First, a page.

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1774 : The Long Year of Revolution
by Mary Beth Norton




Overview -
From one of our most acclaimed and original colonial historians, a groundbreaking book tracing the critical long year of 1774 and the revolutionary change that took place from the Boston Tea Party and the First Continental Congress to the Battles of Lexington and Concord.

A WALL STREET JOURNAL BEST BOOK OF THE YEAR

In this masterly work of history, the culmination of more than four decades of research and thought, Mary Beth Norton looks at the sixteen months leading up to the clashes at Lexington and Concord in mid-April 1775. This was the critical, and often overlooked, period when colonists traditionally loyal to King George III began their discordant "discussions" that led them to their acceptance of the inevitability of war against the British Empire. Drawing extensively on pamphlets, newspapers, and personal correspondence, Norton reconstructs colonial political discourse as it took place throughout 1774. Late in the year, conservatives mounted a vigorous campaign criticizing the First Continental Congress. But by then it was too late. In early 1775, colonial governors informed officials in London that they were unable to thwart the increasing power of local committees and their allied provincial congresses. Although the Declaration of Independence would not be formally adopted until July 1776, Americans had in effect "declared independence " even before the outbreak of war in April 1775 by obeying the decrees of the provincial governments they had elected rather than colonial officials appointed by the king. Norton captures the tension and drama of this pivotal year and foundational moment in American history and brings it to life as no other historian has done before.

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More About 1774 by Mary Beth Norton

 
 
 

Overview

From one of our most acclaimed and original colonial historians, a groundbreaking book tracing the critical long year of 1774 and the revolutionary change that took place from the Boston Tea Party and the First Continental Congress to the Battles of Lexington and Concord.

A WALL STREET JOURNAL BEST BOOK OF THE YEAR

In this masterly work of history, the culmination of more than four decades of research and thought, Mary Beth Norton looks at the sixteen months leading up to the clashes at Lexington and Concord in mid-April 1775. This was the critical, and often overlooked, period when colonists traditionally loyal to King George III began their discordant "discussions" that led them to their acceptance of the inevitability of war against the British Empire. Drawing extensively on pamphlets, newspapers, and personal correspondence, Norton reconstructs colonial political discourse as it took place throughout 1774. Late in the year, conservatives mounted a vigorous campaign criticizing the First Continental Congress. But by then it was too late. In early 1775, colonial governors informed officials in London that they were unable to thwart the increasing power of local committees and their allied provincial congresses. Although the Declaration of Independence would not be formally adopted until July 1776, Americans had in effect "declared independence " even before the outbreak of war in April 1775 by obeying the decrees of the provincial governments they had elected rather than colonial officials appointed by the king. Norton captures the tension and drama of this pivotal year and foundational moment in American history and brings it to life as no other historian has done before.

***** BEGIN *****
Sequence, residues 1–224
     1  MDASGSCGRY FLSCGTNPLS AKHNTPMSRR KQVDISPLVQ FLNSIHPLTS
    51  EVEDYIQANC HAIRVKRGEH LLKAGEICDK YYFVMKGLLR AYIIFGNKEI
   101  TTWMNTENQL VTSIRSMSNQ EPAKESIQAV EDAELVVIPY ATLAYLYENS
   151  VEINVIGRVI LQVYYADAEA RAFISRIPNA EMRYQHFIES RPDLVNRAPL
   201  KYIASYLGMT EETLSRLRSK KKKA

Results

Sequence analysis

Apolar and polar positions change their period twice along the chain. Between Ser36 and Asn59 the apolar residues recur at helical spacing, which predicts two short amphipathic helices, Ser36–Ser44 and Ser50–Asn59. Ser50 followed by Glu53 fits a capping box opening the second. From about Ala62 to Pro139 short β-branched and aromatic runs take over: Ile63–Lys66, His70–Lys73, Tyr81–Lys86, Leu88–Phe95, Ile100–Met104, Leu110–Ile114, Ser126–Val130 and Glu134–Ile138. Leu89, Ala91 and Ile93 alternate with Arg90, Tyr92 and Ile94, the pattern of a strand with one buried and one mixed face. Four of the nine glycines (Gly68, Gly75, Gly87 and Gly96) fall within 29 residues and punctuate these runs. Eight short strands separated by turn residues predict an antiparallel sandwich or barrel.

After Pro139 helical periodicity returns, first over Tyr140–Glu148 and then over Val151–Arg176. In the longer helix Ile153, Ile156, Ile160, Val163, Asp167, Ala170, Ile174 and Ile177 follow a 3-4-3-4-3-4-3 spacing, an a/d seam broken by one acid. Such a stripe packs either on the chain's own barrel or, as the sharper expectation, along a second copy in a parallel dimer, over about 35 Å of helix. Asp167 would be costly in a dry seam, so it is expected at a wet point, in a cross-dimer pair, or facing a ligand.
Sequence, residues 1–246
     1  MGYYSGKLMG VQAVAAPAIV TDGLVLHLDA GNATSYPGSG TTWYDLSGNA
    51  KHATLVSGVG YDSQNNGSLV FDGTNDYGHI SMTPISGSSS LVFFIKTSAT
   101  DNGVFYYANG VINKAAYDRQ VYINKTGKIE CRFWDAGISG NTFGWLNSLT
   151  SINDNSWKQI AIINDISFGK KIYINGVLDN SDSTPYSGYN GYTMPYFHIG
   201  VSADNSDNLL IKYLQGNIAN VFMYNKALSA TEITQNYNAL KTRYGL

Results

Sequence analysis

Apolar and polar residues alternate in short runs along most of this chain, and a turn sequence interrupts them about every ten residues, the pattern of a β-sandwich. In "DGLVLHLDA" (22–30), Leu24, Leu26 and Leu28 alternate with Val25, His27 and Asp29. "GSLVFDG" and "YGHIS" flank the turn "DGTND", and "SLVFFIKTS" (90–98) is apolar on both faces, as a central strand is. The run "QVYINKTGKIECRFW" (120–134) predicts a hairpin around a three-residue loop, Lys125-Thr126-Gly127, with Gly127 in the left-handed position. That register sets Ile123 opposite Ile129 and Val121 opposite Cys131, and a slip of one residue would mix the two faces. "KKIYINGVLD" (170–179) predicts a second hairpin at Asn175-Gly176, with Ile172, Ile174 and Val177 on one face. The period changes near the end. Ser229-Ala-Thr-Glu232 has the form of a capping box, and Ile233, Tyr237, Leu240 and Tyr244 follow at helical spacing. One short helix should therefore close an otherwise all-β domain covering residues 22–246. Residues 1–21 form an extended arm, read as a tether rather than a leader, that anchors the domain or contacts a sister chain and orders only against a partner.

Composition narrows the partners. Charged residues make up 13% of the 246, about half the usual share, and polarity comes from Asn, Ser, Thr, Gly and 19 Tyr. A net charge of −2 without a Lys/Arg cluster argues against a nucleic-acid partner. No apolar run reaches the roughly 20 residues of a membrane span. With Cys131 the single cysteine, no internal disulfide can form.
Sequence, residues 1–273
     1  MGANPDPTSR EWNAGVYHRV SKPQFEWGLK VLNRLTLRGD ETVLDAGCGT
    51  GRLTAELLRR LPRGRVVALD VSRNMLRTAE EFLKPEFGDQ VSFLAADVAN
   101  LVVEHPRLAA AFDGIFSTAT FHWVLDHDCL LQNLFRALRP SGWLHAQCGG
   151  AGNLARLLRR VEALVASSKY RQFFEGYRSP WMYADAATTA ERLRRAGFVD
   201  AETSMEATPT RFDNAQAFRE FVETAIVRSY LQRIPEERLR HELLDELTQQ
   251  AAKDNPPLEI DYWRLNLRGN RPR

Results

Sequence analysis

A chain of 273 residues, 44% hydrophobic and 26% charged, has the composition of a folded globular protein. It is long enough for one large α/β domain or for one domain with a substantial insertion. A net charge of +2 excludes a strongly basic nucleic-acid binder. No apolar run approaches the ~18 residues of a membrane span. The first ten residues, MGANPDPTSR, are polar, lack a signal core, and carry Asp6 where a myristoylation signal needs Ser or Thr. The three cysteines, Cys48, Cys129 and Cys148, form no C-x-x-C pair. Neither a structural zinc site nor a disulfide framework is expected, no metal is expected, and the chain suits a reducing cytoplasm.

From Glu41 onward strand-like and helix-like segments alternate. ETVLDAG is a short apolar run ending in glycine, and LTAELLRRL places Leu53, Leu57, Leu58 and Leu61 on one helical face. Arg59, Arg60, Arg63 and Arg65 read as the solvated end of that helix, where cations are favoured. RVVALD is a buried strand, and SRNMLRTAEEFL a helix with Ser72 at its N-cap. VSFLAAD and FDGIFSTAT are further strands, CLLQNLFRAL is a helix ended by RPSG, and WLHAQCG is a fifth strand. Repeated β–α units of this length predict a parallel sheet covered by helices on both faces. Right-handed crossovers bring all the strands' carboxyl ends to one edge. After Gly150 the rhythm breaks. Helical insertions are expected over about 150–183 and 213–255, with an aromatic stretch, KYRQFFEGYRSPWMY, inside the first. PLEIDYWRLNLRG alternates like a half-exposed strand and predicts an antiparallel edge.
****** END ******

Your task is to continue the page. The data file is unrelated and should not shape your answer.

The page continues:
Details

  • ISBN-13: 9780385353366
  • ISBN-10: 0385353367
  • Publisher: Knopf Publishing Group
  • Publish Date: February 2020
  • Page Count: 528
  • Dimensions: 9.5 x 6.7 x 1.4 inches
  • Shipping Weight: 1.9 pounds


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BookPage Reviews

1774

American colonists loved tea and wished to acquire it cheaply. Parliament’s Tea Act of 1773, however, made that impossible. As an anonymous New York writer at the time explained, colonists would pay “a duty which is a tax for the Purpose of raising a Revenue from us without our own consent, and tax, or duty, is therefore unconstitutional, cruel, and unjust.” It was an effort to help the financially struggling East India Company. In protest, some ports halted or sent back their shipments of tea. In Boston, in December of 1773, men disguised as Native Americans destroyed 342 chests of tea. The term “Boston Tea Party” wasn’t used until the next century, but the action was controversial and set in motion crucial actions and discussions that lasted until mid-April 1775.

The vigorous debates regarding freedom and liberty during that period prepared the country for what was to follow in 1776. Drawing on correspondence, newspapers and pamphlets, noted historian Mary Beth Norton brings that 16-month period vividly alive in her meticulously documented and richly rewarding 1774: The Long Year of Revolution.

Support for resistance to King George III was far from unanimous. Loyalists sought to deal rationally with Parliament on the Tea Act and other issues. The proposal to elect a congress to coordinate opposition tactics came not from radical leaders but from conservatives who hoped for reconciliation with Britain. Loyalists to England, not the revolutionaries, were the most vocal advocates for freedom of the press and strong dissenting opinions. But shortsighted decisions from London often moved these conservatives in the opposite direction. 

This important book demonstrates how opposition to the king developed and shows us that without the “long year” of 1774, there may not have been an American Revolution at all.

 

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